“I learned from Spades’ book that, if you put yourself out there as an organization or as a group and say this is what we do, you better cover all of whatever ‘this’ is and not just do the easy stuff,” she says. “No one needs another animal welfare organization that only takes the easy, highly adoptable dogs from animal control or accepts transports, but the dogs can't have heartworm and they can't be more than 35 pounds. What we need are groups that are going to take chances.”
Make no mistake, these community-focused programs don’t mean OTAT will stop doing the bread-and-butter rescue work of adoptions. But Heather reiterates that complex situations like the one involving the woman living in her car require complex solutions.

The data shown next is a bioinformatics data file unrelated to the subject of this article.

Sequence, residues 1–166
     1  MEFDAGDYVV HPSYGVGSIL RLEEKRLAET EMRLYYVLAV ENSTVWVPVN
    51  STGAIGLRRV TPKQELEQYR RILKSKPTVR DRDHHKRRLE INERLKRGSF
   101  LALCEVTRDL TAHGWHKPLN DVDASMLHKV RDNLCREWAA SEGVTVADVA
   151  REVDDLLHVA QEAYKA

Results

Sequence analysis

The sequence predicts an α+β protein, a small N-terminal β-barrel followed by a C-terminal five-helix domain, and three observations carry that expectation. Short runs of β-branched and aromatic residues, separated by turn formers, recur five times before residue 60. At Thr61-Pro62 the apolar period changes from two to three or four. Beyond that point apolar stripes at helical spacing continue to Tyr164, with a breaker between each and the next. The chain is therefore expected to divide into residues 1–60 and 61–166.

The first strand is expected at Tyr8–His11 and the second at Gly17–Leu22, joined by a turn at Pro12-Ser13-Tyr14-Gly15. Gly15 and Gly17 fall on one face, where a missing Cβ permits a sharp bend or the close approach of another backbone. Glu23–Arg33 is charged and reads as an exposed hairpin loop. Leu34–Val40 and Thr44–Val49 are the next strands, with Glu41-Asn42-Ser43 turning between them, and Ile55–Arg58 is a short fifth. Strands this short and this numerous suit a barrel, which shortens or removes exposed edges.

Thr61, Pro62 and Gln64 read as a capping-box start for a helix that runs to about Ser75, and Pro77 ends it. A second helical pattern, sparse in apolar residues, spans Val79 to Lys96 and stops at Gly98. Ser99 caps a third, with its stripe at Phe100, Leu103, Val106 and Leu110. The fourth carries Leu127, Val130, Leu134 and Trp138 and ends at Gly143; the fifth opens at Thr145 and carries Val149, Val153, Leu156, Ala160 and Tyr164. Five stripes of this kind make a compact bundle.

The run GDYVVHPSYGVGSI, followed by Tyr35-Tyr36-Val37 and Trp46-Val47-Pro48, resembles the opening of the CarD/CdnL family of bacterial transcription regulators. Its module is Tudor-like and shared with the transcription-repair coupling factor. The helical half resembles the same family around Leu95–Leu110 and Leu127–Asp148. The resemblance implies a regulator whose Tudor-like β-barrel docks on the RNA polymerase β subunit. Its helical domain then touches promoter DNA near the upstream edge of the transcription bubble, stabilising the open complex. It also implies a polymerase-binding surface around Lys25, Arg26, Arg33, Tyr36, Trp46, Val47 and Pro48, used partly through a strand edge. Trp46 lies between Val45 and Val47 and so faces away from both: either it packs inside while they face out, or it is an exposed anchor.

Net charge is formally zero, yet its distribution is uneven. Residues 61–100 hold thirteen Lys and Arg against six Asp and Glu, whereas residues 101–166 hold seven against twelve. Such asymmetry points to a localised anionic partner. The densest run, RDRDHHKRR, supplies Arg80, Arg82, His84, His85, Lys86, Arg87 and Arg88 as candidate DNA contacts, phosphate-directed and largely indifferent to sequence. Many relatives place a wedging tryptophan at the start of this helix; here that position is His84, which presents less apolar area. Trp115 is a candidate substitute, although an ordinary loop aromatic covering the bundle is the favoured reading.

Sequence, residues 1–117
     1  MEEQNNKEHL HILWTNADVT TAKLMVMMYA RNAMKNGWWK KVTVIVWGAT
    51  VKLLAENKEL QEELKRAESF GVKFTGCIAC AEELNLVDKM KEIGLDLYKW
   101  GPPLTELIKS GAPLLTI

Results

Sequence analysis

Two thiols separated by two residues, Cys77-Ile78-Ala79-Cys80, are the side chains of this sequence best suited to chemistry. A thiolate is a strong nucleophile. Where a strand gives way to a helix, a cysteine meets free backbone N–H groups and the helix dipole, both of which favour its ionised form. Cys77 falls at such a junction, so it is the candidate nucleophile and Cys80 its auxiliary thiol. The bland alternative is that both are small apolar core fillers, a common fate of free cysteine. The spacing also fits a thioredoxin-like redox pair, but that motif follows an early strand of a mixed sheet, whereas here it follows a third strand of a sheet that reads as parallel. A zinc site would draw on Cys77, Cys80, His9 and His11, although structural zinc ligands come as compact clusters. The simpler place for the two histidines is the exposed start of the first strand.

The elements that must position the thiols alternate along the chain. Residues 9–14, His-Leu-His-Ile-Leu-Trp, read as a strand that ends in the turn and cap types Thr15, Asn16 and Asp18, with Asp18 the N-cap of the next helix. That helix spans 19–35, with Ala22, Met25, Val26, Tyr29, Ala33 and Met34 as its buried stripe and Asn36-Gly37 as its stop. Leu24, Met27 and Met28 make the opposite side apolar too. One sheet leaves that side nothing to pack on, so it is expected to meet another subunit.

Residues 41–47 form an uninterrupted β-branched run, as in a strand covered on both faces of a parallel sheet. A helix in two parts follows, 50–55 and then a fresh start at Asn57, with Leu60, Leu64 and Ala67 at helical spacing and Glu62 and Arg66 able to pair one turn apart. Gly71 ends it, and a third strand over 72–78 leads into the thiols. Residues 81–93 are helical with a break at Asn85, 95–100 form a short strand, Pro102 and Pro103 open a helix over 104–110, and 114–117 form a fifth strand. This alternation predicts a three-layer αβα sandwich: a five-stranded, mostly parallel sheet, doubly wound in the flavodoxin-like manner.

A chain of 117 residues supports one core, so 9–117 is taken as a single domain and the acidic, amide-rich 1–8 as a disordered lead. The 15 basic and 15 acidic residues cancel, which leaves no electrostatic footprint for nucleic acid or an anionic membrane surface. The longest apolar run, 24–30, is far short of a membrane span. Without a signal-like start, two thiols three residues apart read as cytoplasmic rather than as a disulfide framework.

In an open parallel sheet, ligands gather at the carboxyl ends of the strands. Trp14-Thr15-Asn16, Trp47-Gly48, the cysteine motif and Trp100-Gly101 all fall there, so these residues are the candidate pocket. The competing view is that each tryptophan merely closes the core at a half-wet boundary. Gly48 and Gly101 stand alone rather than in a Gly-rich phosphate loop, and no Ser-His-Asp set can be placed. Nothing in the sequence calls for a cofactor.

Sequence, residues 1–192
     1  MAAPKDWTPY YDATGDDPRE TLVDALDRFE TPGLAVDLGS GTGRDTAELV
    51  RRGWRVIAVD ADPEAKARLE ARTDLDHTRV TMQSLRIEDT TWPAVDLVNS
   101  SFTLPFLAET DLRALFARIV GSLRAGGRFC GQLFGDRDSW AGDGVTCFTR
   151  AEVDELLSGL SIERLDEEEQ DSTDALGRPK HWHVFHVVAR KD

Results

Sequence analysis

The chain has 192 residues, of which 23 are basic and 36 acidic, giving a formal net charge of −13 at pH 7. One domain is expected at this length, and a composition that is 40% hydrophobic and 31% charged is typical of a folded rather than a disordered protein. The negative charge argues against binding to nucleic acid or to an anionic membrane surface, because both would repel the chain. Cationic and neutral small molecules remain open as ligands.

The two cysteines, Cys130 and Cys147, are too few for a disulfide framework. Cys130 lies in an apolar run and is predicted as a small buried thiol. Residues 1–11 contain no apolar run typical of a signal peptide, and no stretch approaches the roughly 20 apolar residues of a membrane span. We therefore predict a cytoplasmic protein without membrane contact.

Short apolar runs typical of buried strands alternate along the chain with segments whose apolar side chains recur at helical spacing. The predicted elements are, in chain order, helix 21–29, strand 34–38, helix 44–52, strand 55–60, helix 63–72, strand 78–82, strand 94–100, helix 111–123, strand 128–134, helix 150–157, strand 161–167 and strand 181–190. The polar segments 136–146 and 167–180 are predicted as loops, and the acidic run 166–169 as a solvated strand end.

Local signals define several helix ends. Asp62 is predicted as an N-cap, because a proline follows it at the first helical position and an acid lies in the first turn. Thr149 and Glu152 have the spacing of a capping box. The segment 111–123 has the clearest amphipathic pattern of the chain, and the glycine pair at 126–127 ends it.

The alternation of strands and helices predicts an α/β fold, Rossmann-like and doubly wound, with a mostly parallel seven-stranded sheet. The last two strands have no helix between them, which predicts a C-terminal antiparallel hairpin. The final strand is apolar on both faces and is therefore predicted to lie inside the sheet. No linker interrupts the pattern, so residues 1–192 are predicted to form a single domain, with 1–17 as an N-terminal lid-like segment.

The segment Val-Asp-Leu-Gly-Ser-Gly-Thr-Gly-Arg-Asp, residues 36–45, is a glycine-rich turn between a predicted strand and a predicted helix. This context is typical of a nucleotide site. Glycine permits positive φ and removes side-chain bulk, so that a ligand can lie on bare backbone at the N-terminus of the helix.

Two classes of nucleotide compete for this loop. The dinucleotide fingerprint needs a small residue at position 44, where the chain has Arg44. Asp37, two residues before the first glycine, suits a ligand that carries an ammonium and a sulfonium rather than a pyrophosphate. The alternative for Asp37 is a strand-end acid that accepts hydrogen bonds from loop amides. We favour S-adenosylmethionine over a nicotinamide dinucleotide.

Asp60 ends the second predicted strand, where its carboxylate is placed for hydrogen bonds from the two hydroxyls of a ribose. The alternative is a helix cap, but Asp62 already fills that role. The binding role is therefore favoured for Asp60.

“Animal welfare should be one component of those complex solutions,” she says. “The work of ‘rescue’ is about more than taking pets from families; it’s about people pooling resources and giving what they can to help others.
“Sure, when we do the stuff that no one else is going to do, we may fall on our faces,” she continues. “But when we reach outside of our traditional roles and are successful, that’s an incredibly powerful thing.”
To hear more about the work of One Tail at a Time, listen to the podcast “It’s not rescue if they already have a home.”